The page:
I want to suggest, gently, that honouring or discerning the body requires a little more than merely attending a church. It means that we are committed to one another, that we love one another, that we turn up ready to contribute.  And, again, that’s primarily what we are talking about when we talk about church membership.

For me, the person’s hesitation about membership actually gives us some opportunities to ask a few more questions that will give us more insight as to where they are in regards to the Gospel.  I hope that we don’t just rush either to say “No” or to baptise anyway.  At this stage, I would be asking the person why it is that they don’t think they can be a member yet. 

Here are some possible answers and they are all important.

First, they may think that they are simply not worthy and ready for church membership yet. They may perceive that this is a higher level of Christian commitment.  They may think it is about jonining an inner circle. So, they think that there is a process to work through.  You start as an observer, become a Christian, then you are baptised. Later, if you are good enough, then you become a member, finally a small number may become leaders or even paid staff/clergy.  Well, we want to just scrap all of that thinking. We may wish to reflect on whether we have done anything to cultivate that impression. The important thing is that they belong to Christ and therefore to his body completely and only because of his grace. Just as none of us are worthy in our own right to belong to Christ, so too  none of us are worthy to be part of the body.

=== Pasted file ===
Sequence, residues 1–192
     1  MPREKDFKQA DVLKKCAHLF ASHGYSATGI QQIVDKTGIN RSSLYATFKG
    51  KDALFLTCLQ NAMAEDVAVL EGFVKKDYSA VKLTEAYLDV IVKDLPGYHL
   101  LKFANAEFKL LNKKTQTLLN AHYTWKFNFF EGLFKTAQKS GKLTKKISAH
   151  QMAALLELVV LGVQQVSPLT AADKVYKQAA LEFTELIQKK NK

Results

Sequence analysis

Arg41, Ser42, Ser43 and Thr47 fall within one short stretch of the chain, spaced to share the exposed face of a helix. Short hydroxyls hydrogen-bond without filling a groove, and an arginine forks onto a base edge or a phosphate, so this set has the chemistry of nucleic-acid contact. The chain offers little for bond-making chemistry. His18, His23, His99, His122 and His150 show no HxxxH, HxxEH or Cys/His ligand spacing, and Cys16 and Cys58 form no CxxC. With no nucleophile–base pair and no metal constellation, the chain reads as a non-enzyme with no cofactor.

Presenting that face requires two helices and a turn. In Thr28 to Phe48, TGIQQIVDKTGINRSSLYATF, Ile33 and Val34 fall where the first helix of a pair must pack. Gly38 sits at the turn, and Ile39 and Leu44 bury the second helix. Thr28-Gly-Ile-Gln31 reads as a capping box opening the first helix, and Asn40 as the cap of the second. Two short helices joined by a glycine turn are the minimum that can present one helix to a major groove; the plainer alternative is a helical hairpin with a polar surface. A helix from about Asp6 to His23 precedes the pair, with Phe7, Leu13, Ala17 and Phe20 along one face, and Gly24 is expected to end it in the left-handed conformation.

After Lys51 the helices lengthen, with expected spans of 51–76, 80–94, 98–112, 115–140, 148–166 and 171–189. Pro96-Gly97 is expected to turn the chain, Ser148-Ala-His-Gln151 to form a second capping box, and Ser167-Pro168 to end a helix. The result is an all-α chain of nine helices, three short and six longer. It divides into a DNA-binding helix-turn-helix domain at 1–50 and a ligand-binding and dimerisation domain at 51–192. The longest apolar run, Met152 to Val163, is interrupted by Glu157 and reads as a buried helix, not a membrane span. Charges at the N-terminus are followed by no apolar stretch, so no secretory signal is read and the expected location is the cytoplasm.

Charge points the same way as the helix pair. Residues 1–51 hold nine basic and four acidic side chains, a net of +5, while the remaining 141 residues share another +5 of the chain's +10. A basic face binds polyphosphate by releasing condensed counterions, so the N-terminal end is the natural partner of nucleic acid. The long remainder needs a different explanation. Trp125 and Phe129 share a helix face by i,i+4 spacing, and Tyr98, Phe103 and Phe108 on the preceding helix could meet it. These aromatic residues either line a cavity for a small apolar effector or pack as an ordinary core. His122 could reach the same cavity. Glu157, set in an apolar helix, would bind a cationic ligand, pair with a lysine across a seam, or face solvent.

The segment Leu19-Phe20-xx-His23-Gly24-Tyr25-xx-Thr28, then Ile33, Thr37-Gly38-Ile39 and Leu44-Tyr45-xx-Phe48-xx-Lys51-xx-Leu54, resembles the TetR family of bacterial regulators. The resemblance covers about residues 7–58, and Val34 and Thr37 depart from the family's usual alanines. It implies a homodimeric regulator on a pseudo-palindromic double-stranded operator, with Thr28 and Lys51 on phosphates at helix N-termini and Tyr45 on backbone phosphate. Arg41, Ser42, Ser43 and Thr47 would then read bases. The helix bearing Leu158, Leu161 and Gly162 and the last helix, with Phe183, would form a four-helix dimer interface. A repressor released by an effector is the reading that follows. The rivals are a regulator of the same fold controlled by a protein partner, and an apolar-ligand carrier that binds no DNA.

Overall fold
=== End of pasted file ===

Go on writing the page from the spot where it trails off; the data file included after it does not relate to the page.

Second, they may think that they are not ready for all that is involved in church membership. This is particularly the case if a church has particular expectations around things like members’ meetings and voting.  It may seem overwhelming, time consuming and boring.  Personally, I would not push this too heavily.  Church membership should not be about voting rights.  That’s one reason for example why I’m not too worried about some of the questions thrown up about children getting baptised.  Make sure again that you are not putting too much into your rules beyond what is really essential for membership but also be ready to encourage someone to grow into those aspects of membership.